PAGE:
• Sales of electric cars in China are expected to rise at a slower pace this year.
  • That’s likely to be a problem for Tesla too.
  • Elon Musk’s company has also struggled to keep up with Chinese rivals’ aggressive price cuts.

BYD and Tesla both posted anemic first-quarter sales this week, serving up a reminder that demand for electric cars appears to be stalling around the world.

China, the world’s largest EV market, hasn’t been immune to the slowdown.

The country’s Passenger Car Association expects sales of new-energy vehicles to climb by 25%, to 11 million, this year, Bloomberg reported. That’s a healthy rise, but still well below last year’s growth rate of 36%.

Any signs of weakening demand in China are a red flag for Tesla, which is already struggling to keep up with its local rivals’ aggressive price cuts.

“I think a big part of Tesla’s first-quarter deliveries miss came from China,” Seth Goldstein, an equities strategist for Morningstar who chairs the research firm’s EV committee, told Business Insider. “There’s a lot of price competition, and we’re seeing consumers go to other brands with cheaper offerings.”

Tesla waves the white flag

Tesla slashed the prices of its Models 3, S, X, and Y in China last year in a bid to compete with local rivals including the market leader, BYD, which sells much cheaper vehicles, such as the $11,000 Seagull.

The cuts helped Tesla log record delivery numbers and kept its share price high — but it still lost its title as the world’s top EV seller to BYD in 2023.

CEO Elon Musk appears to have backed away from the price-cuts strategy this year, however. Goldstein said that’s a sign he knows Tesla can’t win the price war and remain profitable.

“Last year was the year of the price cut, in order to grow volumes, and it worked,” he said. “But Tesla now seems to have made the decision that for now, they’re happy where their unit profits are at.”

Holding prices steady in China appears to have backfired, though. Tesla missed Wall Street forecasts for deliveries — and Bloomberg estimated its market share in the world’s second-largest economy had fallen to about 7% from about 11% in early 2023.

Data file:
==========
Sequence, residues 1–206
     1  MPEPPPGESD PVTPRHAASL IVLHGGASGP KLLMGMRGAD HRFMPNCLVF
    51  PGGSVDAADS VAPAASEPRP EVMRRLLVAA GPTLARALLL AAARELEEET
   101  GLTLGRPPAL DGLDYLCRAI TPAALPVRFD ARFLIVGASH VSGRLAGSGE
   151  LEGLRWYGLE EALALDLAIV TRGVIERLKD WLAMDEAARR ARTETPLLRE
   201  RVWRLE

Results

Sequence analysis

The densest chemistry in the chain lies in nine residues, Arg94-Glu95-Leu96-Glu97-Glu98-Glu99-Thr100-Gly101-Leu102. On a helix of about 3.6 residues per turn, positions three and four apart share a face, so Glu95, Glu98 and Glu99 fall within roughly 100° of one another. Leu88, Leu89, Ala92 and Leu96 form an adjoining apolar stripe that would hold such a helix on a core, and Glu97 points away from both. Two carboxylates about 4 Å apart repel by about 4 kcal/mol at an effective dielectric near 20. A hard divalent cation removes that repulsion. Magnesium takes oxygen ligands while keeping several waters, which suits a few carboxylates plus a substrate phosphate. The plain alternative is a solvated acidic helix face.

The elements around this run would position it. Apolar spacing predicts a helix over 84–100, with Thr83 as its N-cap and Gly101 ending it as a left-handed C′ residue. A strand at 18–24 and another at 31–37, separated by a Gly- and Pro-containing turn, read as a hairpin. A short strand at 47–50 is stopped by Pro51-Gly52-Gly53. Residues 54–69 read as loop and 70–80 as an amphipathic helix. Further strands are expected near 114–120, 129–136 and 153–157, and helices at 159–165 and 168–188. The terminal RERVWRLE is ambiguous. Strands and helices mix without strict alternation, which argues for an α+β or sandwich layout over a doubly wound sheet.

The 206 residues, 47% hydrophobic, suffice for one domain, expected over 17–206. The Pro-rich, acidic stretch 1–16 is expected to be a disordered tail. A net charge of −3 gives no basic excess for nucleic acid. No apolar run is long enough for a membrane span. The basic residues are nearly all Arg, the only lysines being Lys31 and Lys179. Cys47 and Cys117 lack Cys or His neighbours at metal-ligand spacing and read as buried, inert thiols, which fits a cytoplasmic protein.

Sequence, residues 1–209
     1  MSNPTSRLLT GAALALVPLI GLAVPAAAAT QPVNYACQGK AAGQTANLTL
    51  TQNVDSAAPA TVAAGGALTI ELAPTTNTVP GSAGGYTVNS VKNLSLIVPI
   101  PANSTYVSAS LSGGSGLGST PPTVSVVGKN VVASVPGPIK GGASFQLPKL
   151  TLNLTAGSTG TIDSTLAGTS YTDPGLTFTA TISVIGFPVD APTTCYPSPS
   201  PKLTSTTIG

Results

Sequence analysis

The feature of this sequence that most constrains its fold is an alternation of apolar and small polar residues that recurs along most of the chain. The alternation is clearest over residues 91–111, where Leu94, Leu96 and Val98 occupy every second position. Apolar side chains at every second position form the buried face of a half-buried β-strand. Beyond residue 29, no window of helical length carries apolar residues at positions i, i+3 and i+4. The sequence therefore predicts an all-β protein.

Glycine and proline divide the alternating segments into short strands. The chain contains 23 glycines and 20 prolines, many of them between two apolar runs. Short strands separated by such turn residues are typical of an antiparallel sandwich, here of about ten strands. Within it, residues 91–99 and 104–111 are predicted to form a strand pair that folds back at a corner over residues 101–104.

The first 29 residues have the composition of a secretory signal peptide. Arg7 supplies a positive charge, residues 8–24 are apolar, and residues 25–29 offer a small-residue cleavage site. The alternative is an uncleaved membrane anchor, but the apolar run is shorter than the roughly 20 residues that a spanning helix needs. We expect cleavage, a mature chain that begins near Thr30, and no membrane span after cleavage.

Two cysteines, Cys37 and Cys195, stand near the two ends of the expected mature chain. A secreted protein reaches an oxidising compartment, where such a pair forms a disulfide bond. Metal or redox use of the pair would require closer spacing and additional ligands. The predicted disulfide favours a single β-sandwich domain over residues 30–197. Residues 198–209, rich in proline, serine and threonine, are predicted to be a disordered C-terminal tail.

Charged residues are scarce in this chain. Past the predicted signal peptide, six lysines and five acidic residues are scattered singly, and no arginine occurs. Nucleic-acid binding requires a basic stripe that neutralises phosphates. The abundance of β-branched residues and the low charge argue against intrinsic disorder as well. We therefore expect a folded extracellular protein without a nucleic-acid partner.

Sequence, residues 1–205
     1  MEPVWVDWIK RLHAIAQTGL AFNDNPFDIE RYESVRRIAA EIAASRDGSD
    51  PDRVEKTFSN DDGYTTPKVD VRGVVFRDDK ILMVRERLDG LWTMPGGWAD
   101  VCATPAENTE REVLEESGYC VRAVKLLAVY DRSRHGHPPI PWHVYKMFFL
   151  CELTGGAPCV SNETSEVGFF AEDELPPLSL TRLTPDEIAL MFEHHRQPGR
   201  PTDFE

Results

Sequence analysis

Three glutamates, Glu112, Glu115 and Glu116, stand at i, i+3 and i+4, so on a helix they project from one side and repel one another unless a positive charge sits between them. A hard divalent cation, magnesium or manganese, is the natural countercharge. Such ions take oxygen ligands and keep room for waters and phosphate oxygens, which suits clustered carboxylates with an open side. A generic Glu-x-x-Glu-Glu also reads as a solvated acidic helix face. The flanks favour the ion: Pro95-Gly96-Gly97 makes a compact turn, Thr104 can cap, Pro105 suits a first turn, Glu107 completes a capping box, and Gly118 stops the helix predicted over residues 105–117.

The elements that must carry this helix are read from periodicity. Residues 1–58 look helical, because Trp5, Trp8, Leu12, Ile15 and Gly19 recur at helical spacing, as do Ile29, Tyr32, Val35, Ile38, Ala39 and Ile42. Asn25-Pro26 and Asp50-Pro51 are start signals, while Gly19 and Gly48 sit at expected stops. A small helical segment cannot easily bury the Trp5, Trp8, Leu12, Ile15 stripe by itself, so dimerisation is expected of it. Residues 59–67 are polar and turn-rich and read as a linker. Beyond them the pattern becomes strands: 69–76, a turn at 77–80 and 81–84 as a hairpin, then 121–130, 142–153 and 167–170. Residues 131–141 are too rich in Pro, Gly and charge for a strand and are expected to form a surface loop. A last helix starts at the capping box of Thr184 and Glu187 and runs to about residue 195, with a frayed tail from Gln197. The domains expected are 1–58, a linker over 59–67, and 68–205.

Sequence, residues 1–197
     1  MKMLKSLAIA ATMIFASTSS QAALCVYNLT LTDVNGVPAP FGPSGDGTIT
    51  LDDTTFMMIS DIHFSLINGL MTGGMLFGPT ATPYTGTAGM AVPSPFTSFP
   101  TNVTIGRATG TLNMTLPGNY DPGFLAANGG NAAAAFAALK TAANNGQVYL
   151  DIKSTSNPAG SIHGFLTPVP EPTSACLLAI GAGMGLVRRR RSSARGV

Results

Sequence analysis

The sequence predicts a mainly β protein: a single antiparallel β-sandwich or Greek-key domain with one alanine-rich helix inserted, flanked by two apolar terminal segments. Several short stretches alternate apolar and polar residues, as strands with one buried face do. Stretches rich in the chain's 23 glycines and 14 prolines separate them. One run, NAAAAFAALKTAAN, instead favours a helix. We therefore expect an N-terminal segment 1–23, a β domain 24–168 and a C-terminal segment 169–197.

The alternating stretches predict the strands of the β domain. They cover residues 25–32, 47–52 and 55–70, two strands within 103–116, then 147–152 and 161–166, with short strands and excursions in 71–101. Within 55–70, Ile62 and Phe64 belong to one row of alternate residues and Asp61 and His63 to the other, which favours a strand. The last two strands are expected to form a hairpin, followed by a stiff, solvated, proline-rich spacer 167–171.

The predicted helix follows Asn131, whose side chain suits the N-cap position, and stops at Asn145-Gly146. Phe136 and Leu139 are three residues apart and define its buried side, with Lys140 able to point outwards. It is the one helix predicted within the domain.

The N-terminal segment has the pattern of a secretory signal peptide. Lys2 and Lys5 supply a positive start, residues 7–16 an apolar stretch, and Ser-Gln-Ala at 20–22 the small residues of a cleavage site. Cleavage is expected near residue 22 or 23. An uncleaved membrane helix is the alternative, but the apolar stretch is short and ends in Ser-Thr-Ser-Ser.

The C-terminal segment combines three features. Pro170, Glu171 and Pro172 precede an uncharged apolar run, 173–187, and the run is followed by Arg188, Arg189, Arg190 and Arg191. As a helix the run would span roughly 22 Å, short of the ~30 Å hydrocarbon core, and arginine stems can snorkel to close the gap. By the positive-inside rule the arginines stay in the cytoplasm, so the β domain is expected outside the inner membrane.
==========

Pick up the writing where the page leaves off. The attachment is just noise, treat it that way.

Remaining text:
Musk in China

Elon Musk during the ground-breaking ceremony for a Tesla factory in Shanghai in 2019.

STR via Getty Images



Bad news for BYD

Americans are shunning electric cars because of concerns about charging and the emergence of cheaper hybrids — but the reasons for the slowdown in China are more complex.

There are plenty of public charging stations — about 2.7 million at the end of 2023, according to the China Electric Vehicle Charging Infrastructure Promotion Alliance. And the midmarket hatchback options BYD offers are some of China’s best-selling cars.

However, some would-be buyers found local companies’ constant price cuts irritating. BYD slashed the cost of one model by a total of 15,000 yuan, or about $2,100, in a matter of months last year, reducing its value on the secondhand market and making people more hesitant to buy one.

China’s economy has also struggled since the end of the pandemic, with deflationary pressures and a property-market crisis fueling a decline in consumer spending.

BYD makes most of its sales in China — and the tally rose by about 300,000 in the first three months of the year, a stock-market filing this week said. That increase was not enough to stop Tesla from reclaiming its title as the world’s top electric-car maker despite its own dismal delivery numbers for the same period.

Tesla makes the Model 3 and Model Y at its Shanghai factory. Bloomberg reported that it recently reduced production to five days a week from 6 ½ days, in a sign of waning demand for its cars in China.

If China joins the US in loving EVs a little less, both Tesla and BYD could be in for a difficult 2024.

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